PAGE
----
Cradle Mountain National Park

Let’s get this out of the way to start with. A wombat decided to chew on Ashley’s shoelace. Here is a picture. If that’s all you need, then there’s no need to keep reading.

Still with me? Good. We did some other things besides feed shoelaces to wombats. It was another rainy day here in Tasmania. Rather than huddle up at the lodge, we braved the elements and headed into one of UNESCO’s top world heritage sites. We simply couldn’t pass up the opportunity to do some hiking while we were here.
The hike around Dove Lake is advertised as one of Tasmania’s best short walks. Even with the low cloud cover and rain, it was certainly an amazing hike. We hiked around the crystal waters of the lake and through a beautiful section of rainforest. The water was so clear that we could easily see rocks at the shore line from 20-30 yards away. We wanted to hike to the summit of Cradle Mountain, but the low hanging clouds blocked all view and we didn’t feel like hiking for 6-8 hours in the rain and fog. In all of these pictures? There should be a mountain in the background.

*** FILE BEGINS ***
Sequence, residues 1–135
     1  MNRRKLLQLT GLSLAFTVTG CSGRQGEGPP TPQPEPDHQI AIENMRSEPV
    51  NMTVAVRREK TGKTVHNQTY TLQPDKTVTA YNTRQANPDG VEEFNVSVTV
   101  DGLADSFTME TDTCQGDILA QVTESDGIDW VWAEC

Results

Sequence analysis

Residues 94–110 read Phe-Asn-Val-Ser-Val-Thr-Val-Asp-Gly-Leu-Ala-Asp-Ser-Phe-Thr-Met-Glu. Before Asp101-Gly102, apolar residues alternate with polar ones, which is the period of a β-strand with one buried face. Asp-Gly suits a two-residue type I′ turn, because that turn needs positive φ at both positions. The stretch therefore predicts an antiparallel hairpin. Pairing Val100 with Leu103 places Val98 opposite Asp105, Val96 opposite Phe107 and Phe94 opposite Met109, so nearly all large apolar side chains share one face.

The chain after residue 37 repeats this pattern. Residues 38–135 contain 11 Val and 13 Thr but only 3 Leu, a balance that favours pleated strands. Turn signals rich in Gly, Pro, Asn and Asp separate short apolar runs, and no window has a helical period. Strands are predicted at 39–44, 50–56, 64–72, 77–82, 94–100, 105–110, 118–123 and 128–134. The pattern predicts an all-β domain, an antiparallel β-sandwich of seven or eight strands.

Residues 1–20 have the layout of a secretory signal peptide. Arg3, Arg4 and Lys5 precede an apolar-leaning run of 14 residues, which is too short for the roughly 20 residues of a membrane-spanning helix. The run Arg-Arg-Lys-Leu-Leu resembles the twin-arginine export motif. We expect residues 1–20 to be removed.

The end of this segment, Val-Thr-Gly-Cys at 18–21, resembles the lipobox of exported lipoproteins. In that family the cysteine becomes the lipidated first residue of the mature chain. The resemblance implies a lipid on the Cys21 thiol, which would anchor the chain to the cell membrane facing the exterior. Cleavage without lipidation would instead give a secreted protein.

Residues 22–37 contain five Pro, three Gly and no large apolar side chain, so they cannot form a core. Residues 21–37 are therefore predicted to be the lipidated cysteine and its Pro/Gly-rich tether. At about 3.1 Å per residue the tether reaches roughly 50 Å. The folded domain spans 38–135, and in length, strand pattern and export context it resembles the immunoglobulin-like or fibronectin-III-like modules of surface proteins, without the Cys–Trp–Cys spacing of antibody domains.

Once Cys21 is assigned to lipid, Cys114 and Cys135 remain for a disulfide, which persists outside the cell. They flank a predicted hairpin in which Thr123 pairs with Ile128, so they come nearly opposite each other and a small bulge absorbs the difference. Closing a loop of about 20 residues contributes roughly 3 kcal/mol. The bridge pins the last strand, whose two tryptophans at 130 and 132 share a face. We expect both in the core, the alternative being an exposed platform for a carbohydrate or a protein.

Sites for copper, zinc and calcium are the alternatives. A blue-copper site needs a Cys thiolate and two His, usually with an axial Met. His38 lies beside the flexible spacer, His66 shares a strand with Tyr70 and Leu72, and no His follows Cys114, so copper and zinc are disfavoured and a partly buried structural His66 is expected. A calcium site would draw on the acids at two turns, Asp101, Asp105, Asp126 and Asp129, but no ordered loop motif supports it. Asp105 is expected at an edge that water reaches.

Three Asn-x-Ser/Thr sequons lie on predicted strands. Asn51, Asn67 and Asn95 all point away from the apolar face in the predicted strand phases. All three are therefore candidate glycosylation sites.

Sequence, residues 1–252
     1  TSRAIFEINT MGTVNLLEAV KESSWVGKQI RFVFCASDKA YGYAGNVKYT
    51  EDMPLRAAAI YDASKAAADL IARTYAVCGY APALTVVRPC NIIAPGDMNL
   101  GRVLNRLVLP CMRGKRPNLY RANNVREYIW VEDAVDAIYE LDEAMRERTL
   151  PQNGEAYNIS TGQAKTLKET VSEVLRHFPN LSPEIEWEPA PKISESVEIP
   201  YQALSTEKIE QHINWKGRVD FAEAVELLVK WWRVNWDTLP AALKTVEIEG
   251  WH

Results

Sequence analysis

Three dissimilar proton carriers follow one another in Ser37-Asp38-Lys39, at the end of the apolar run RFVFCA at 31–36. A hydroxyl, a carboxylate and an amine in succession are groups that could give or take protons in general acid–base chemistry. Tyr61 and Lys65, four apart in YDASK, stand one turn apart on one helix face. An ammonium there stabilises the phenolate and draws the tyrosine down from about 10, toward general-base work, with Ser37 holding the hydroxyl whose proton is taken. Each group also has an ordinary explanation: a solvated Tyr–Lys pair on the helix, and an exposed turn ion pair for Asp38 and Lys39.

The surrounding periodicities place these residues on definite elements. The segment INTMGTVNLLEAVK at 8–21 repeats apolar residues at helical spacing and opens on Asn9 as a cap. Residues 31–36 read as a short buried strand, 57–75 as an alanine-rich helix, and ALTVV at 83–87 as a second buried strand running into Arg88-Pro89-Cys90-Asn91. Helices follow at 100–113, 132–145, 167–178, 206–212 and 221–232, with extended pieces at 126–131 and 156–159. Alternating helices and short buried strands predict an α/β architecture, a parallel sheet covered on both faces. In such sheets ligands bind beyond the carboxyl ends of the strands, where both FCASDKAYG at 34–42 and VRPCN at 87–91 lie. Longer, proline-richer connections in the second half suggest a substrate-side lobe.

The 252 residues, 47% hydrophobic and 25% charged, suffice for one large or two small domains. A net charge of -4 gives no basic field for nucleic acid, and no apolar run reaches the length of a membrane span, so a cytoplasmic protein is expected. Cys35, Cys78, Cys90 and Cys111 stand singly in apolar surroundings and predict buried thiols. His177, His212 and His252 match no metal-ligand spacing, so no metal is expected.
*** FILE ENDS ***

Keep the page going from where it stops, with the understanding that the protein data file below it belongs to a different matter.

After a wonderful lunch and short nap, we went to the Devils@Cradle wildlife sanctuary for a feeding tour. The sanctuary is hoping to help preserve the Tasmanian Devil by isolating populations from a deadly cancer that is decimating the native population. There were a number of devils and quolls around, but Ashley’s highlight was the wombats. We were allowed to pet them and watch as they roamed free, hence why Ashley’s shoe was nommed on. We got to watch the animals get fed and learned a lot about their life-cycle and habits. Three of the devils were very happy to be photographed, but the rest were much more keen on having dinner.
Both quolls and devils are carnivorous marsupials, so we decided to spare everyone pictures of the fresh feast the animals enjoyed. We’ll be leaving the Cradle Mountain area tomorrow, but still have a few days in Tasmania before jetting off to Perth.
More adorable pictures are here.

Leave a Reply

Fill in your details below or click an icon to log in: Logo

You are commenting using your account. Log Out /  Change )

Google+ photo

You are commenting using your Google+ account. Log Out /  Change )

Twitter picture

You are commenting using your Twitter account. Log Out /  Change )

Facebook photo

You are commenting using your Facebook account. Log Out /  Change )


Connecting to %s